The much anticipated Radar Girls is an amazing story inspired by the real Women’s Air Raid Defense during the WWII. Author Sara Ackerman takes us on location with her in Hawai’i, where the story is set, sharing what it takes for an author to capture the beauty of a place in a book. Without further ado…
Picture this: a long white sandy beach with no one on it but a few turtles. You walk along with your toes in the sand, searching for signs of an old airstrip between the ironwood trees. The ocean is blue and deep, the wind cool in your hair. It may sound like a dreamy vacation, but for me, it’s research. It’s one of the perks of writing WWII novels set in Hawaiʻi, or any beautiful locale for that matter.
With each of my novels, my research has been a bit different. The bedrock of my ideas, though, have been stories I’ve gathered from my parents and grandparents, who were here throughout the war. I’ve also interviewed numerous elders, read dozens of fascinating books and oral histories, and watched Pearl Harbor movies and documentaries. But one of my favorite parts of the research involves visiting the places in my books. When an author intimately knows the setting, I believe it translates to a more authentic experience for the reader. Little details, like what time of year the ginger blooms, the smell of burning sugar cane, or how cool the temperatures are in December, can make a big impact. I’ve often felt that in my novels setting is its own character.
There’s a tiny old airstrip in Haleʻiwa that became well known when a handful of pilots raced out there the morning of the attack on Pearl Harbor. Many US planes at Hickam and Wheeler air bases had been demolished in the invasion, but a few P-40s were sitting patiently at Haleʻiwa, waiting to see some action. The opening scene from my novel takes place not far from there, so I wanted to revisit the coastline before I began writing. I imagined how it might have been nearly 80 years ago, dogfights overhead, guns firing.
ʻIolani Palace is another fascinating setting in the book. The palace is the only official royal residence in the United States, and was once home to Hawaiʻi’s last reigning monarchs, before the overthrow of the Hawaiian Kingdom in 1893. The day after the attack on Pearl Harbor, Iolani Palace was commandeered by the military when martial law was declared. The Women’s Air Raid Defense recruits received their first secret training in a blacked-out room in the palace. At a large plotting board in the center of the room, the women practiced receiving radar readings from Oscars (code name of the men at the radar units) to the Rascals (code name for the WARDs). In those early weeks of the war, air raid alarms were plentiful and an invasion was thought to be imminent.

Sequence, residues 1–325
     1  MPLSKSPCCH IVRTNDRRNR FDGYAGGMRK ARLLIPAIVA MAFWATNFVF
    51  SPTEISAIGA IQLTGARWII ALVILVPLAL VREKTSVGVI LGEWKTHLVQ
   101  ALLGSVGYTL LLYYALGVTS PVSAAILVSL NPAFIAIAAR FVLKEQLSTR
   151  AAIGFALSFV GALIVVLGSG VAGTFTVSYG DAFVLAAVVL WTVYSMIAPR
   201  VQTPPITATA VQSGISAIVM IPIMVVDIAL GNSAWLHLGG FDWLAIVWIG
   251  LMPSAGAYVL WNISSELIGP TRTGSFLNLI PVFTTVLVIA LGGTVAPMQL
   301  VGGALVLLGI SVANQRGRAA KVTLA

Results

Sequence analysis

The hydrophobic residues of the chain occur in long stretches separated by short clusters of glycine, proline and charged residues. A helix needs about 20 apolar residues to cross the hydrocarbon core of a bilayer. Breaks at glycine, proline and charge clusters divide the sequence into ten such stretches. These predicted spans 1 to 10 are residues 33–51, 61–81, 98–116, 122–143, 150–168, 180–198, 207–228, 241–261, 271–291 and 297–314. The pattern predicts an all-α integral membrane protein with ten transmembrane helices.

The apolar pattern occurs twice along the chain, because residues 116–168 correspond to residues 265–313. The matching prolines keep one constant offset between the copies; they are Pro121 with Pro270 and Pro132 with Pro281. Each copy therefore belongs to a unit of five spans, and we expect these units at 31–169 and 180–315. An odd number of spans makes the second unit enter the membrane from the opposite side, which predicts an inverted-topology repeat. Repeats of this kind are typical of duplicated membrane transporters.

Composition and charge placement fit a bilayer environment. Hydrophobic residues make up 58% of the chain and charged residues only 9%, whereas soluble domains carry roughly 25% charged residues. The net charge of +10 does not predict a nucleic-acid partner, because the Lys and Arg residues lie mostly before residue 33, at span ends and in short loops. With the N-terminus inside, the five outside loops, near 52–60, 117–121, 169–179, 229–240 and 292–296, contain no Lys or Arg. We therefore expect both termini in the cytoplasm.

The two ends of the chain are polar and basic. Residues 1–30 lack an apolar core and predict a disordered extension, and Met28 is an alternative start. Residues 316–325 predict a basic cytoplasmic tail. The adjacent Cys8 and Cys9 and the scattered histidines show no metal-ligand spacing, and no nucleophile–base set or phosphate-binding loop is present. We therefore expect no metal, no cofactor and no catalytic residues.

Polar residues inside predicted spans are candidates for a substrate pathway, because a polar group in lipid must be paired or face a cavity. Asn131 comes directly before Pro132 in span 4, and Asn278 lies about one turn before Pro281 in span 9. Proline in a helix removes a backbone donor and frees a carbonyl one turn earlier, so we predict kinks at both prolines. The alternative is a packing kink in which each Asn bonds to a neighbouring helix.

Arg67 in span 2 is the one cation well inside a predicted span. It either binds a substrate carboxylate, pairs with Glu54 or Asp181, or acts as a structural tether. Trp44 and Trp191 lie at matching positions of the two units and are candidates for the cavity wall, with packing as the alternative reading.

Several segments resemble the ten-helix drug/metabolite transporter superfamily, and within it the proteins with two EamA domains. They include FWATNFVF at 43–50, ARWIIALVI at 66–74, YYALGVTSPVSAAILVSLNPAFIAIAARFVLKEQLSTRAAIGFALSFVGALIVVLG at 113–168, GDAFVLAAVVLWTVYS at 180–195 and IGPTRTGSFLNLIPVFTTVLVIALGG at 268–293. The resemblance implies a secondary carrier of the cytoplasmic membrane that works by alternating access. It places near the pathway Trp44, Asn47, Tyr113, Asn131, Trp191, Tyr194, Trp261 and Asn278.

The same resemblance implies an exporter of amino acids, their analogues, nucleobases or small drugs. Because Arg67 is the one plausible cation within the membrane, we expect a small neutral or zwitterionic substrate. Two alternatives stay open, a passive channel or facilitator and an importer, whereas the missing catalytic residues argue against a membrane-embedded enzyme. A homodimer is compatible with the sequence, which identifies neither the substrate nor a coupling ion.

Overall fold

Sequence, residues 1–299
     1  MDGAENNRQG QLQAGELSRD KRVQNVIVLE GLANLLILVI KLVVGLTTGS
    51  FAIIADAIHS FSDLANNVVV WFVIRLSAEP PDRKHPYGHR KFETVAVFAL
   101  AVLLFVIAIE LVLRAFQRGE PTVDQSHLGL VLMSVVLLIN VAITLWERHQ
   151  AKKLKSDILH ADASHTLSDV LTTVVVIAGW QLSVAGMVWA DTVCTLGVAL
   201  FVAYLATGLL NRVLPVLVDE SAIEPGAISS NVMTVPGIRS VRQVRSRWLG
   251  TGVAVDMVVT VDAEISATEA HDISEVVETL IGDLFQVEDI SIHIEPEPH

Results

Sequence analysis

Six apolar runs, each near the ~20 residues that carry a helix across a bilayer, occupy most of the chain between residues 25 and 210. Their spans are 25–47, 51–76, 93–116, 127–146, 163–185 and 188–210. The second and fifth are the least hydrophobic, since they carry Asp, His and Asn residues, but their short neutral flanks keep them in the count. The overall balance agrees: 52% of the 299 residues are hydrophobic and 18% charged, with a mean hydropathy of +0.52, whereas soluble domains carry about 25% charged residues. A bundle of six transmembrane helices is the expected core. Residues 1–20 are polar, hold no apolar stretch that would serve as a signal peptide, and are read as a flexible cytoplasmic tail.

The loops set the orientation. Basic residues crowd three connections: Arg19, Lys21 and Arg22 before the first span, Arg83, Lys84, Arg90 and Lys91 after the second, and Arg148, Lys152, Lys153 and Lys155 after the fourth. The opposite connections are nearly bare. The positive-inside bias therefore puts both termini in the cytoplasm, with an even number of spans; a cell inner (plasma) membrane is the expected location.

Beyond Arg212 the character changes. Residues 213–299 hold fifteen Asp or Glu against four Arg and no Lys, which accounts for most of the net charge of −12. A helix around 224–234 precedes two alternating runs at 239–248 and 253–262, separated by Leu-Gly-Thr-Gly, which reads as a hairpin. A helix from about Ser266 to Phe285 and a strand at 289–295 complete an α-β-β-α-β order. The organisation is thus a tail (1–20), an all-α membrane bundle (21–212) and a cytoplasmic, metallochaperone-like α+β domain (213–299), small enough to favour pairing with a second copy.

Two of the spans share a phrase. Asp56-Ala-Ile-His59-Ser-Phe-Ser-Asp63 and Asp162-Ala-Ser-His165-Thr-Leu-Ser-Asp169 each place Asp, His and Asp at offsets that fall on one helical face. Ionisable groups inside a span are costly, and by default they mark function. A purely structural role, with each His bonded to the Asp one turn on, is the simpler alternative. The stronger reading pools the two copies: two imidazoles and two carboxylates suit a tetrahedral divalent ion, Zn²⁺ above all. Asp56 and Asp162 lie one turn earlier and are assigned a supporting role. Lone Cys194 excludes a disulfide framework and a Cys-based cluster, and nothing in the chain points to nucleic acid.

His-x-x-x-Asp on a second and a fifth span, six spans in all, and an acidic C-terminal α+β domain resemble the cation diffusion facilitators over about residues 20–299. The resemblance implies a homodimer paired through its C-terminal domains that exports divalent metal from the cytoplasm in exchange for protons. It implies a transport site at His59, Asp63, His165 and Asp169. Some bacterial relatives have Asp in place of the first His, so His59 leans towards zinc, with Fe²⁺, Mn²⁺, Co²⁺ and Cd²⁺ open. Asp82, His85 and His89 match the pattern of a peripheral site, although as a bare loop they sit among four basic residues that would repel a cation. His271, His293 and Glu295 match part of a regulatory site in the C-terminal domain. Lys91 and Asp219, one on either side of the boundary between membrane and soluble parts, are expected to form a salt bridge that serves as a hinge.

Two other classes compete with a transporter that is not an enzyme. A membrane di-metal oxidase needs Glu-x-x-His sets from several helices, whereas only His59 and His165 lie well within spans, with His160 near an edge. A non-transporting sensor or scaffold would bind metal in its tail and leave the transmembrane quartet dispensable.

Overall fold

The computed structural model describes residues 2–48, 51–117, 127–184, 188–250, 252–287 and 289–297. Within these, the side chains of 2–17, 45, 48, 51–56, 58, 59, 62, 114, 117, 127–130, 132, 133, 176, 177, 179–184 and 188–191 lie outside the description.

Another scene takes place at Station Opana, the infamous radar site on a north shore bluff that unknowingly picked up the Japanese planes flying towards Oahu on December 7, but mistook them for army bombers coming in from California. In Radar Girls, Daisy and her friends make an unauthorized trip up there and get to see the SRC-270 up close and personal. This was one of the first operational early-warning mobile radar units. Though I wasn’t able to visit the actual site, which is currently a Navy telecommunications station, I went and checked out some of the “pillboxes” down below on the coast. The area is in a training flight path for military planes and helicopters, so it makes it easy to sense the danger that was once felt here.
Speaking of Daisy and her friends, my other favorite part of writing this book was getting to know the real women of the WARD and then later watching my characters come to life on the page. When I first read the book Shuffleboard Pilots: The History of the Women’s Air Raid Defense in Hawaiʻi, which was compiled by former WARDs, I was in tears. It is full of vintage photos and anecdotes of what these women lived through. Some fun, most remarkable, and some heartbreaking. It was extremely moving to read about the sacrifices they made to defend our country, and how they held each other up throughout the whole war. Those were not easy times, and they rose to the occasion and then some. They also maintained a great sense of humor, which I suspect helped them through. I knew I wanted to use their stories, but also to create my own characters. Which is exactly what happened. I truly love these ladies and I hope that you will, too!
Some places in the book to visit should you find yourself in Hawaiʻi: Turtle Bay Resort pillbox, ʻIolani Palace, Puaʻena Point (near the Hale’iwa Airfield), Dillingham Ranch/Polo Fields in Mokuleʻia, and of course, Pearl Harbor and the Arizona Memorial.